Crypto Analytics

Terra Crisis Fuels Regulatory Concerns Over $180 Billion Stablecoin Market

A crisis engulfing one of the world’s largest stablecoins has deepened, igniting regulators’ concerns over the assets underpinning the global cryptocurrency market.

TerraUSD, which is attempting to consistently track the dollar at $1, slumped to a low of 30 cents on Wednesday, which is one of the most high-profile examples of a stablecoin breaching its so-called peg to date. Stabilization attempts by the Luna Foundation Guard – acting like a central bank for the token – have failed.

The episode has given fresh fuel to financial regulators’ concerns about the rising risks the $180 billion stablecoin industry poses to traditional markets as crypto becomes more integrated with traditional payment and banking systems.

“A stablecoin known as TerraUSD experienced a run and lost value,” US Treasury Secretary Janet Yellen said on Tuesday. “I think that just goes to show that this is a fast growing product and there are fast growing risks.”

Stablecoins aim to provide crypto investors with a safe haven so they can store digital cash and easily switch between different cryptocurrencies. Generally they claim to be backed by a basket of dollar assets.

Terra, which was among the top five stablecoins on the market earlier this week, is different. It is what is known as an algorithmic stablecoin that attempts to track the dollar by increasing or decreasing its amount.

Regardless of the structure behind stablecoins, regulators have been concerned about their role for some time. The Federal Reserve, the European Central Bank, and the Bank of England have all warned about the risks posed by stablecoins and specifically their ties to the traditional financial system.

In its regular Financial Stability Report this week, the Fed noted that just three — Tether, USD Coin, and Binance USD — make up about 80 percent of the overall market.

It warned that even stablecoins backed by reserves “can lose value or become illiquid in times of stress,” adding that “these vulnerabilities are compounded by a lack of transparency around the risk and liquidity of assets, that support stablecoins can be tightened.”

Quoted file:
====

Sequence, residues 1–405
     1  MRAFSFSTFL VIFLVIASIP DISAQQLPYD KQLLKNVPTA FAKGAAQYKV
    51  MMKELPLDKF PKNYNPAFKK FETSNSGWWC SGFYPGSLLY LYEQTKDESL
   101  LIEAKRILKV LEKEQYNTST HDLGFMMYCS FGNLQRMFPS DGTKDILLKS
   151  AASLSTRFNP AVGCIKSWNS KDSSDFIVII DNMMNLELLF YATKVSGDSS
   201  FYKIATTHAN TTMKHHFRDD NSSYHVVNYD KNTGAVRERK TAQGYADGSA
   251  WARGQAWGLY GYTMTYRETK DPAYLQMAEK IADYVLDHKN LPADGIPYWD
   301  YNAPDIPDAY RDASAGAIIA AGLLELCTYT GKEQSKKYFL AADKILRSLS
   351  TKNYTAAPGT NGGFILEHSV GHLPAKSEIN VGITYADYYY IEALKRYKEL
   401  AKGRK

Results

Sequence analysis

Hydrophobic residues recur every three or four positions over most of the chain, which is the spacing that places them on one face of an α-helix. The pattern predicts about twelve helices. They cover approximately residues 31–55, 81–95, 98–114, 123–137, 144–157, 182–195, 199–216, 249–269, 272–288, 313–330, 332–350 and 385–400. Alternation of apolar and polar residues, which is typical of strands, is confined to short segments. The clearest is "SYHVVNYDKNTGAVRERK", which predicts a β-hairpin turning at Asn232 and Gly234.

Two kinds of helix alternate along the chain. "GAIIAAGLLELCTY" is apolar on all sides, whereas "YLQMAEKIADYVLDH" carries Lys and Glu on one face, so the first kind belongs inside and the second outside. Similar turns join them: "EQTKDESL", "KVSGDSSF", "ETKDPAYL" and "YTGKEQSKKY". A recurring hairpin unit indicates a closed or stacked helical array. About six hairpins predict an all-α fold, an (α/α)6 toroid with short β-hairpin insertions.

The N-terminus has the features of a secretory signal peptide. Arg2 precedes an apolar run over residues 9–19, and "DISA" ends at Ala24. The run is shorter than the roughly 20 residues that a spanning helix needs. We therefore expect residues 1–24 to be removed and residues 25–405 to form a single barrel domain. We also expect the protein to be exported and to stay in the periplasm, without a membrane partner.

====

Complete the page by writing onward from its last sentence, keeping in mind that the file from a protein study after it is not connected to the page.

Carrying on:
Ilan Solot, partner at crypto group Tagus Capital, said: “The gut reaction is to throw it [TerraUSD] Debacle as bad news from a regulatory perspective – and that might turn out to be the case.” However, he said it could also highlight the differences between algorithmic coins and those backed by a basket of reserves.

The TerraUSD situation, which emerged during a week of intense volatility in the crypto markets, adds to general concerns about the largely unregulated stablecoin industry. Tether, the market leader, provides limited details on the specific holdings of traditional financial assets that underpin its peg to the US dollar. In October 2021, the US Commodity Futures Trading Commission fined Tether $41 million after the company allegedly made “untrue or misleading statements and omissions of material facts” regarding its reserves.

In a research note on Wednesday, UBS said that the TerraUSD episode “is also likely to increase regulators’ focus on USDC and Tether, which while not yet systemically important to the broader financial payments, clearing and settlement, are linchpins of the crypto commercial sector are”. .

In a series of Twitter messages on Wednesday, Terra co-founder Do Kwon told members of the “Terra community” that “I understand that the last 72 hours have been extremely tough for all of you – you know, I’m committed to working with you.” to work together with each of you to get through this crisis and we will work our way out of it. Together.”

Source: Crypto News Austria

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